Coal Harbour’s New Forkhill House Irish Bistro Lands In Time For St. Patrick’s Day

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by Andrew Morrison | Just before their first friends and family service went down last week I poked my head into the new Forkhill House Irish Bistro at 1616 Alberni Street to check on progress. The restaurant is now in soft opening mode, but the doors are unlocked and they’re pulling pints (mmm, O’Haras Stout) and serving food from what appears to be a pretty interesting menu. For some background on the place, here’s what I wrote about it last month when we first got word of its imminence:

The address has been picked up by industry lifer Jeff Lenz (ex-Joe Fortes, Cibo) and his wife Jamie. With the help of chef Tannis Smith (ex-Irish Heather) and assistant GM Alex Dewar (ex-Cibo), they aim to open Forkhill House Irish Bistro at the end of February following after a quick reno and staff up.

“Jaime and I have been looking to get into our own spot for over two years now and are very excited to be taking this space,” Jeff says. “We love what has been done with the Badger, our vision is to take it to the next level.  There is a strong Irish connection in our family, with a lot of tradition surrounding food. We plan on elevating the service and menu, without being pretentious. Our idea is an Irish inspired restaurant, not pub.” I don’t think that means they won’t have Guinness, stews, soda breads and ploughman’s lunches. On the contrary, it’s my understanding that they’ll offer such standards as starting points. It’s early days yet so I don’t have all the details on the menu, but I know there’s more to Irish cuisine than the greatest hits that have so far crossed the Atlantic, and that’s exciting.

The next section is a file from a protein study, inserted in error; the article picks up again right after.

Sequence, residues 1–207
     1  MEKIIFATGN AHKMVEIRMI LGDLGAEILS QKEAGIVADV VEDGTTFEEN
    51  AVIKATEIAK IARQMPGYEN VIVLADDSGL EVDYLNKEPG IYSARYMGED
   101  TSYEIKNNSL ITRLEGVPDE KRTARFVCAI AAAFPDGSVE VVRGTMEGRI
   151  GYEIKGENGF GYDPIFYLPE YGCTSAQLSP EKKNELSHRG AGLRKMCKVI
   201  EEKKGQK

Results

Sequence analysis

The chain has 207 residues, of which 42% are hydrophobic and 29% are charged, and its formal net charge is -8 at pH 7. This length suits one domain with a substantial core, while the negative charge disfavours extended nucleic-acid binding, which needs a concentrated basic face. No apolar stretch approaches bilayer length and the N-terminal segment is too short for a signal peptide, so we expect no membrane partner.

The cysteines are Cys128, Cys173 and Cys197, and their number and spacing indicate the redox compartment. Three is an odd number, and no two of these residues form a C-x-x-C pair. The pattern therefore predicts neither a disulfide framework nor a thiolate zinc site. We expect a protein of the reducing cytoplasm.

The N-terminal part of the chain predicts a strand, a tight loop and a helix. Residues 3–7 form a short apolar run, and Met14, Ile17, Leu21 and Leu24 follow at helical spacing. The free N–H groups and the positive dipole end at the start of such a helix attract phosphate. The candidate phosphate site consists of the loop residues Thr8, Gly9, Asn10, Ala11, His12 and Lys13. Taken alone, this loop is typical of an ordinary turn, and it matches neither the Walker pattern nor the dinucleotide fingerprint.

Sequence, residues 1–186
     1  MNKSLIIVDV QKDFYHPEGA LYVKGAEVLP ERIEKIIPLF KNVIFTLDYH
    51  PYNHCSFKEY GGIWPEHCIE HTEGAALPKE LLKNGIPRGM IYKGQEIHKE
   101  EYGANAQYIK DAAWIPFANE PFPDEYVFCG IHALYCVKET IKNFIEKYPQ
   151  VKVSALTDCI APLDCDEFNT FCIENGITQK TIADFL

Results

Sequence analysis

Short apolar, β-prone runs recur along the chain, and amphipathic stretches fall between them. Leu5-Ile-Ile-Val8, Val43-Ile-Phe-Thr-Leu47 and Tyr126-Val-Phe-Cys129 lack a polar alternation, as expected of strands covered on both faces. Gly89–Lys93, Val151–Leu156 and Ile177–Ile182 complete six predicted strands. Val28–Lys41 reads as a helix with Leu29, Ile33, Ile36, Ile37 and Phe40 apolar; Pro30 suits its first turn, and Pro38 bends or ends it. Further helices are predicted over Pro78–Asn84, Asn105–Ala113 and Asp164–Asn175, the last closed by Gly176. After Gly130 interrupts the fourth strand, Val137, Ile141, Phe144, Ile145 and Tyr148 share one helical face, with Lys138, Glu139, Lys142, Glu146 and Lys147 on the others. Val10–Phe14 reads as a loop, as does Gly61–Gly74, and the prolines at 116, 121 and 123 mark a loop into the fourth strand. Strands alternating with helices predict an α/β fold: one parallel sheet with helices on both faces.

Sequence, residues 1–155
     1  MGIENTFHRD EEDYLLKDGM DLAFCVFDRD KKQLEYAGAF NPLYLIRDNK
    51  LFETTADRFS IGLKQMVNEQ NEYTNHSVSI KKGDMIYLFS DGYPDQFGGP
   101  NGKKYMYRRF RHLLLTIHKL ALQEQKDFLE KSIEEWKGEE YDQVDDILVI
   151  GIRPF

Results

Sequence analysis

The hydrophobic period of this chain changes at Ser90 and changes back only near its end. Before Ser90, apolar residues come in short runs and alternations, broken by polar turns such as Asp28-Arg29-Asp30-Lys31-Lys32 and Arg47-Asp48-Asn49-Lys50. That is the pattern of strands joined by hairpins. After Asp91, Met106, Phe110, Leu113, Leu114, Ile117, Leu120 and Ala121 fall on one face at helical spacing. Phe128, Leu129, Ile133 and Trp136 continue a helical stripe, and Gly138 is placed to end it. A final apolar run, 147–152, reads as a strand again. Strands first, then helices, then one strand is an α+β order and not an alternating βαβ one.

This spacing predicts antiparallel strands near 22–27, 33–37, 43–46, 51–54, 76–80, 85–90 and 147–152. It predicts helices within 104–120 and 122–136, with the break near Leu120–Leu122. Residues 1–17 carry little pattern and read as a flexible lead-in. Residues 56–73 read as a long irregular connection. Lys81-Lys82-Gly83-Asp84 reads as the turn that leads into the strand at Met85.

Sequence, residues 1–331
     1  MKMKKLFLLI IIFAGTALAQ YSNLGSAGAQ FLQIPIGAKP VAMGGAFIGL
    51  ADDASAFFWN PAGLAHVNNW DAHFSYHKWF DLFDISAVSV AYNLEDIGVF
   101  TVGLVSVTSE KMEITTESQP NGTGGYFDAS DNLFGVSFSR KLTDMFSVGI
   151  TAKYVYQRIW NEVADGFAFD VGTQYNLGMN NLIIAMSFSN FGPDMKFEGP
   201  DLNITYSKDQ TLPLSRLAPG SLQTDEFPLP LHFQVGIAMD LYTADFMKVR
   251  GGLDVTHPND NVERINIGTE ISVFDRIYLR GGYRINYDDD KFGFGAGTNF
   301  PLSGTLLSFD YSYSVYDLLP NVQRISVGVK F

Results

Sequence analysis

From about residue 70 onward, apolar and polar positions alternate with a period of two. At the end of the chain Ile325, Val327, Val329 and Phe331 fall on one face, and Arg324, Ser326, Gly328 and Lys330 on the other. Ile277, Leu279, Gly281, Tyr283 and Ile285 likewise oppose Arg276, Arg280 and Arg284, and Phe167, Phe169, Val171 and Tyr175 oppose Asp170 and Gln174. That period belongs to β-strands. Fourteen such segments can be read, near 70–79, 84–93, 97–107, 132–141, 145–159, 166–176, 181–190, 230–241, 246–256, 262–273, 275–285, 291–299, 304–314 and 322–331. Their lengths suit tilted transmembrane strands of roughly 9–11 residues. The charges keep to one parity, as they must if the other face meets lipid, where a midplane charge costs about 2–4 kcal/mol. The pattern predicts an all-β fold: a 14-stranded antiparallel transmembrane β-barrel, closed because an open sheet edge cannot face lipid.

What’s with the name? “Forkhill is the name of the village where Jaime’s ancestral family was raised, with a strong connection to her father who passed away in 2014.” Jamie explained to me in an email exchange last week. “This historic house still exists on the border of northern and Southern Ireland. During the famine the family would help the community by feeding the townsfolk from a massIve cauldron, asking in return a fair day’s work.” (As you can see in the photo above, Jamie – at left – rocks her Irish bone fides pretty effortlessly.)

It’s all happening very quickly. They took possession of the space yesterday at noon and already they have their sleeves rolled up. The plan is for 102 seats split between upstairs and downstairs with a dozen on the patio. They’ll be open for lunch and dinner seven days a week with operating hours as follows: 11:30am to 3pm for lunch; 3pm to 5pm Happy Hour; 5pm to 10pm-ish for dinner.

Fans of the pub it is replacing, The Fat Badger, will be happy to know that Forkhill doesn’t look or feel hugely different. The decorative notes have all been swapped out – old family photos and milieu-hinting items (crockery and such, all painted off-white to blend with the freshly painted walls) have replaced the chalkboard menus – but for the most part it remains as genuinely cozy as I remembered it with its mix of buttoned-down banquette seats, communal high-tops and short, L-shaped bar all drawing extra aesthetic warmth from the central fireplace. I’m sure there are many other differences I missed because they were still setting up the room when I was in, but that’s beside the point, which is that it felt familiar, comfortable and good. I’m really looking forward to digging into the menu, especially the Scotch Eggs to see how they compare to those once beloved at the Badger. Have a look/read below, and take good note: St. Patrick’s Day – March 17th – is coming up fast; I can’t think of a better date to raise a glass and toast Forkhill’s arrival than that.

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